Boing Vs Braising
The easiest way to eat abalone with its shell is to steam it. But, first, clean the exterior extensively and remove the guts.
Want to take it up a notch? Mix sautéed garlic, cooking wine, sugar, oyster sauce, or seafood sauce. Pour this mixture over abalone and boil it for 5 to 6 minutes. Serve it with blanched vermicelli, and you have a great main dish to impress your guests.
Chinese methods include braising abalone in stock to give a good kick to its taste. They probably do it the best by utilizing oyster sauce, rice wine, ginger, and garlic to flavor the chicken stock. Then fresh abalone and shiitake mushrooms are braised to treat your tastebuds with a mouth-watering dinner.
So, we’ve seen the variety in cooking; what about the creature itself? How many varieties of Abalone are there? Well, it includes more than a hundred species worldwide; however, 35 are used in food. Most commonly, the types include black, white, pink, red, green, and pinto.
It is the largest of them all, growing up to a foot long. This variety is the food industry’s favorite. Mainly because the others have become incredibly rare. The stunning red abalone had a booming natural population in the Californian waters; however, it soon dwindled due to overfishing.
White abalone is well-known for its tender meat. We call it the crème de la crème of abalone because it’s more flavorsome than other types. But unfortunately, the demand reduced its population so significantly that now it's an endangered species. In fact, it was the first marine invertebrate to earn federal protection in 2001.
Black abalone is yet another critically endangered species earning the status in 2009. Additionally, fishing for it has been illegal since 1993.
It is threatened by high temperatures, poachers, oil spills, and withering syndrome.
This species was the majority of American abalone fisheries in the early 1950s. However, it's more fragile than its other family members and grows more slowly.
Green abalone's color varies from bright green to a dull greenish-brown. The species peaked in 1971 but quickly declined due to withering syndrome and extensive fishing. Its vibrant green shell is famously used in ornaments and jewelry.
Is abalone healthy?
Most seafood is generally considered healthy due to various vital nutrients. So is Abalone healthy? Yes, it is.
Abalone contains essential proteins, omega-3 fatty acids, and low harmful fats, making it one incredibly nutritious food.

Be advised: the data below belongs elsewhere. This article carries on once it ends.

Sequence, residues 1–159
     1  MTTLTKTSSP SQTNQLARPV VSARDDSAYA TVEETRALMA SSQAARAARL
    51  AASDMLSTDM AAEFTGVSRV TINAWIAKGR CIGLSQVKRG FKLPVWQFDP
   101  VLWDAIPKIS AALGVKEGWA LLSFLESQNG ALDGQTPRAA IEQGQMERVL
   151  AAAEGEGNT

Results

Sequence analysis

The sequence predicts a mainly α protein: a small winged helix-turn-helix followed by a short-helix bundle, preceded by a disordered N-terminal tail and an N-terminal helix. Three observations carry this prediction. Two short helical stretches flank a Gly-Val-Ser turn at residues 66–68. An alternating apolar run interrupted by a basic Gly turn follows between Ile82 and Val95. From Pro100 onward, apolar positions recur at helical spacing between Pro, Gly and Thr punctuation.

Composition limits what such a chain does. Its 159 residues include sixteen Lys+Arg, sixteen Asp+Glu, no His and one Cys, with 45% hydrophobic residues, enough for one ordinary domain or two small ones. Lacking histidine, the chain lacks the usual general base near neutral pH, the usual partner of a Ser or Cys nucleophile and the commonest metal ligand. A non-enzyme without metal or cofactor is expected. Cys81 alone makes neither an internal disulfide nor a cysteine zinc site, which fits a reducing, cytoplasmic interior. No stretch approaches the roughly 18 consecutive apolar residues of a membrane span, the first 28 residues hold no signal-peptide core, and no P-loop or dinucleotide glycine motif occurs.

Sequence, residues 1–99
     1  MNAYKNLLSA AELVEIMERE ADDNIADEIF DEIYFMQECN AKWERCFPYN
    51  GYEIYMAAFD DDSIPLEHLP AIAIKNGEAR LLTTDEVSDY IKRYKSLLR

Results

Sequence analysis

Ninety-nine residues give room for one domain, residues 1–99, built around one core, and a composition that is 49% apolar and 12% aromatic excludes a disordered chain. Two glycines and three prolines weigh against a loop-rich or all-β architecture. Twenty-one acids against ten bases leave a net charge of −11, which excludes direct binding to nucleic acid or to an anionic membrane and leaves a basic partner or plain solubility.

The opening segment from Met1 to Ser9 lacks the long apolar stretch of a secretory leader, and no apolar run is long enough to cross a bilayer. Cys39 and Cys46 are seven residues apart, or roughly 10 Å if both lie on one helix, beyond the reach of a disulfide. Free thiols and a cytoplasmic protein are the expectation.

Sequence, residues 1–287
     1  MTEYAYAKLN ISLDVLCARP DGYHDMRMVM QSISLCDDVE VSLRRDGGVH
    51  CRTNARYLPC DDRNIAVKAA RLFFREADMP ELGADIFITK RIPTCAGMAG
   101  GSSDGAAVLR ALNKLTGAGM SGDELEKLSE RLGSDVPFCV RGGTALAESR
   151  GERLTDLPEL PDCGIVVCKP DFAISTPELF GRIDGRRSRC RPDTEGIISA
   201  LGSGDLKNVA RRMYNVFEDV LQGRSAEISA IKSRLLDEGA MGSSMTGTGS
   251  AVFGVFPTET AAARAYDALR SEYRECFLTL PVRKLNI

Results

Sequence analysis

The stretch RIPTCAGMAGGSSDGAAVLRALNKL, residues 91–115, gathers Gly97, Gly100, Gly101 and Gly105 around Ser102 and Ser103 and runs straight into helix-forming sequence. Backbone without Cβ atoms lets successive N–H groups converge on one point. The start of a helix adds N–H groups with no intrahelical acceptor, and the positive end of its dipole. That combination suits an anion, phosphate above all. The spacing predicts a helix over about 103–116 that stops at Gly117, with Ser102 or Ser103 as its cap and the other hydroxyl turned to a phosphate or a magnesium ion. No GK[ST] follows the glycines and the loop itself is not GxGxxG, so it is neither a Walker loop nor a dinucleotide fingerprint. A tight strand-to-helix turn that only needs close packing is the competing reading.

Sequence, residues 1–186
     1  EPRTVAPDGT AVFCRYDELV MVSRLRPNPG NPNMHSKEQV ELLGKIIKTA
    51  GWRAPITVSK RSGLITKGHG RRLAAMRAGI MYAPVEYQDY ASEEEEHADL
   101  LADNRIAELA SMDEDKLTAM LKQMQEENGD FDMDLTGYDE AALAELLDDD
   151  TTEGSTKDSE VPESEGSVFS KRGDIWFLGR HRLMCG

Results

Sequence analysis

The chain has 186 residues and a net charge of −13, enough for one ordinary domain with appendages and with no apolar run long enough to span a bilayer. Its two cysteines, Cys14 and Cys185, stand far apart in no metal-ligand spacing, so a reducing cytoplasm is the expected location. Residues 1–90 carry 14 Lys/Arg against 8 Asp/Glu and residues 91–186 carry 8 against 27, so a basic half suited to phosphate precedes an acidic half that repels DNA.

Take it from various Indigenous cultures using abalone as a functional food for years. It is known to have anti-inflammatory, anti-thrombotic, antioxidant, and anticancer compounds making it a super healthy food.
To further make you believe it, various health benefits are listed below:
Rich in iodine - Abalone is a rich, natural iodine source making it a great menu addition to preventing iodine deficiency. Sadly, one-third of the world’s population is on the verge of being iodine deficient, so, better to eat Abalone to keep it away. However, given how it can cost you an arm and a leg, it can be challenging to make everyday.
Additionally, iodine is highly beneficial for thyroid function, so eating Abalone can regulate your thyroid hormones.
Enhances immune system - It is also an excellent source of Selenium, so it can help you boost your immunity. Selenium activates the body’s antioxidant compounds, which help enhance the immune system.
Abalone may hurt your wallet, but it won’t hurt your health.
Protects bone health - Furthermore, the calcium and potassium in the prized shellfish can work wonders for your bones. Both are key components of bones and increase bone mass. They keep the bones healthy, so you can run to get another delicious round of Abalone.
Prevents joint pain - In addition to making your bones a knight in shining armor, Abalone has a unique compound called Glycosaminoglycans. This compound promotes healthy joints, so you won’t have to worry about joint pain at a young age.
Reduces cardiovascular risk - The anti-inflammatory properties brought by omega 3-fatty acids give multiple benefits. First, it decreases blood pressure and lowers fat levels. That can vastly reduce the risk of heart diseases and protect your vessels from fat accumulation.
Additionally, unlike other seafood, Abalone has low cholesterol levels meaning your cardiovascular system functions safely.
Cancer prevention - Moreover, recent research has been impressed by the role of abalone in cancer prevention and treatments. It induces the death of cancer cells and inhibits tumor growth, making it a valuable food in cancer studies.
Lastly, abalone may have a risk of toxins causing food poisoning. Such toxic marine foods may taste sharp, although they look perfectly normal. To avoid it, it should be consumed fresh or frozen immediately after being caught. Remember that cooking, freezing, canning, or smoking won’t make it safe to consume again.
Thankfully, food poisoning or allergies are pretty rare with Abalone.
Abalone might put a dent in your wallets but it’s a must-have if you’re a foodie. This prized seafood can make for a luxurious dinner and you deserve such a treat once in a while. Rest easy as it is just as beneficial as it is delicious.
Have it in the time-tested traditional fashion or the intricate ways modern chefs are experimenting with. We’re sure the delectable abalone flesh paired with rich spices and herbs won’t disappoint you.
If you haven’t tried Abalone before, try it now and thank us later.